The idea for this case study was born in January of 2009. That date may not seem significant to you until I mention the fact that this was the day that USAir Flight 1549 ditched in the Hudson River. The accident was especially significant to me personally because I had written and published a book about a lesser known airline ditching that had occurred in 1970. My book 35 Miles From Shore: The Ditching and Rescue of ALM Flight 980 tells the true story of the first and only open-water ditching of a commercial jet and the efforts to rescue those who survived.
In addition to being an author, I am also a professional pilot. I am type rated on the Airbus 320, the same type of aircraft that ended up in the Hudson River, and I wrote a book about the only open-water ditching of a commercial jet. More importantly, I had a web presence. That web presence led the media to me, which led to media interviews. The same day of the ditching I was contacted by a number of news outlets for my opinion on the ditching. I was interviewed on the Fox show Studio B With Sheppard Smith. I was interviewed by CNN and by a reporter for the New York Daily News. I would eventually take part in an MSNBC documentary called Why Planes Crash.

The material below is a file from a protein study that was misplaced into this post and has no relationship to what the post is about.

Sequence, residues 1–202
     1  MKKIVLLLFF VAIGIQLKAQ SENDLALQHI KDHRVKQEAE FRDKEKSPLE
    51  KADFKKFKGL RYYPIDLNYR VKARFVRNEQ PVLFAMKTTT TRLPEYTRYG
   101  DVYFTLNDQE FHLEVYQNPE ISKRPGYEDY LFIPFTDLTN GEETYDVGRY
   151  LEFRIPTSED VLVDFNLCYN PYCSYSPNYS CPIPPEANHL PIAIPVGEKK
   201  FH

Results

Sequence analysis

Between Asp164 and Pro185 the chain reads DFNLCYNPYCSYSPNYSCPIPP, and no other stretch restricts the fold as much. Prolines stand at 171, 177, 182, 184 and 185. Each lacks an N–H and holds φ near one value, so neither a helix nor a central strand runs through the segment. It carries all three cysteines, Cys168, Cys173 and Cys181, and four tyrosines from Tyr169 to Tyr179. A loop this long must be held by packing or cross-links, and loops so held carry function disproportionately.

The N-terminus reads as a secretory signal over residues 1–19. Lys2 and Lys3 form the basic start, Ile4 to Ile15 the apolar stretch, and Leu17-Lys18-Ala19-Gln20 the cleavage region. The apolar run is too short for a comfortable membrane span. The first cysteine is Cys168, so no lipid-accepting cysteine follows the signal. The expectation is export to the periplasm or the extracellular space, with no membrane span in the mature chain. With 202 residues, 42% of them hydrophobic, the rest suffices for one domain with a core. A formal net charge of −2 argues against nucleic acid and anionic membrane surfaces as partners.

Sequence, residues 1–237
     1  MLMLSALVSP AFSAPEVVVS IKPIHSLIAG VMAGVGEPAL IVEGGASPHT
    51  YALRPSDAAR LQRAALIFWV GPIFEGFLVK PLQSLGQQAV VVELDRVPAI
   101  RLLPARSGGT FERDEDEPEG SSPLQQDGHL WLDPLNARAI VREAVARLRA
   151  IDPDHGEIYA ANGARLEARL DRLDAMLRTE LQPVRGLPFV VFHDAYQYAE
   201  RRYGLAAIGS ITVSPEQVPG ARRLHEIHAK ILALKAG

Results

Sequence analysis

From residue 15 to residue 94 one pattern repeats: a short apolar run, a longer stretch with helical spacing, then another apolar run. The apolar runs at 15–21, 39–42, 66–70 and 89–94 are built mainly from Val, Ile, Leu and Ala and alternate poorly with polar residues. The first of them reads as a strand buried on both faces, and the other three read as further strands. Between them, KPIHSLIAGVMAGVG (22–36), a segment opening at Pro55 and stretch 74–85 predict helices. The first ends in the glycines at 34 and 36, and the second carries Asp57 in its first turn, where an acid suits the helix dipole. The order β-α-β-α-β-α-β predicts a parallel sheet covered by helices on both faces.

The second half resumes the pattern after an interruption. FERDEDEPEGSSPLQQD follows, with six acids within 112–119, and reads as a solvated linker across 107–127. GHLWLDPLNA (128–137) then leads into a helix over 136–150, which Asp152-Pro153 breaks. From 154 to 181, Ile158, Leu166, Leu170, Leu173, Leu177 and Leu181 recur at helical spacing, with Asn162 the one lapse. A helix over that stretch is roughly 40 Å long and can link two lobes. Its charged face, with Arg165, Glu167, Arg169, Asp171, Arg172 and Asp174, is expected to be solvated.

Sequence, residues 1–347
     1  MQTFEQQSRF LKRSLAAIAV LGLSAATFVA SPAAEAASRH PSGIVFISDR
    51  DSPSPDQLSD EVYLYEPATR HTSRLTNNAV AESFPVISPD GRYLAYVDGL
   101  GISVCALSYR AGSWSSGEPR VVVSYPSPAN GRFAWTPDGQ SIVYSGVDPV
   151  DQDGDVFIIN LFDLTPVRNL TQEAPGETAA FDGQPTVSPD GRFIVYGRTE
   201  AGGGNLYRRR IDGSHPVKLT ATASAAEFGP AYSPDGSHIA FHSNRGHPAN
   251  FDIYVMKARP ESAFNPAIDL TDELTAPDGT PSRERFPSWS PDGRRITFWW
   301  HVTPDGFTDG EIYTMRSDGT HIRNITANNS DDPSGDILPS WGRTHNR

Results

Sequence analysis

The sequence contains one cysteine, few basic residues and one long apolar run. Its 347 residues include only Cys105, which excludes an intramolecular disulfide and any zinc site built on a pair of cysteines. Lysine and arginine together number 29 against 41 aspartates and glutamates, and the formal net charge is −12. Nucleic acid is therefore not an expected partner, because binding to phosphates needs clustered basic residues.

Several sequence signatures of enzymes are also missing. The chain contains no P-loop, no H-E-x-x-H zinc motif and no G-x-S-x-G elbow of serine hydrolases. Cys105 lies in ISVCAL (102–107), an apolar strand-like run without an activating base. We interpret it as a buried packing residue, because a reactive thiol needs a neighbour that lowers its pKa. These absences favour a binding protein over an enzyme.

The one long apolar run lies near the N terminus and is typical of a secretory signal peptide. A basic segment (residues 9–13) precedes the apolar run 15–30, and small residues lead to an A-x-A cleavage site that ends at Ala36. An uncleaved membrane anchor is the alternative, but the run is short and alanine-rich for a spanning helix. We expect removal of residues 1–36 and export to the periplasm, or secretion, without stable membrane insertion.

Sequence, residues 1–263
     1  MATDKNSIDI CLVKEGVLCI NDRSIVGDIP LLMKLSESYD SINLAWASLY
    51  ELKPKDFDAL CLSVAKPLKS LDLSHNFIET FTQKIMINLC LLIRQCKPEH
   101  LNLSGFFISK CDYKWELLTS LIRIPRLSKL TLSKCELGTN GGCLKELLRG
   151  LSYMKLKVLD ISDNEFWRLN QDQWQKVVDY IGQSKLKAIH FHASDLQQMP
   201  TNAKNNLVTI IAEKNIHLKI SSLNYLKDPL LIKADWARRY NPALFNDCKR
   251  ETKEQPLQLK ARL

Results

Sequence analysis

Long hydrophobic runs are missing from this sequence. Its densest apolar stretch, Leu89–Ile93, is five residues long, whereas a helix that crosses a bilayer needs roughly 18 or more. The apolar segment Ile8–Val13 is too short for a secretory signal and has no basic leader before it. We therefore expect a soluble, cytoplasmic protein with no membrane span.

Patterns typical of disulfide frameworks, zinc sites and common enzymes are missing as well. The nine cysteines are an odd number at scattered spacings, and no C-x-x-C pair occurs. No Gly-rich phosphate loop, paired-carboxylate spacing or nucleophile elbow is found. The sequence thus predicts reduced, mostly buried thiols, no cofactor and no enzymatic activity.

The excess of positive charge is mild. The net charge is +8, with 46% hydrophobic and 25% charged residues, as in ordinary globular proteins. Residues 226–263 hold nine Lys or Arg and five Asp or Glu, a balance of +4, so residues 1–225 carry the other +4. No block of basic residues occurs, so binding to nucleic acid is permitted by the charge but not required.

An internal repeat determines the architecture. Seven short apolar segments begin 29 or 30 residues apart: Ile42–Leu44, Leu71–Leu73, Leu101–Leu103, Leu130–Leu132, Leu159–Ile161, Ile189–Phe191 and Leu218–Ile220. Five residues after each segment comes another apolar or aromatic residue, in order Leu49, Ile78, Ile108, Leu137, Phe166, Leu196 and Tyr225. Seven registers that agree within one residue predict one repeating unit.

By this time my book had been out for a little over eight months. Most of my marketing efforts were winding down. I had done many of the same things that other authors have done to market their books: I sent out as many review copies as I could; I did a virtual blog tour; I did a limited bookstore tour; I did a few interviews on TV and radio; I started a blog and a website. I had also experimented with running a Google Adwords pay per click (PPC) campaign. I had sold a respectable 2,500 or so copies, and the book was still moving albeit at a slower pace.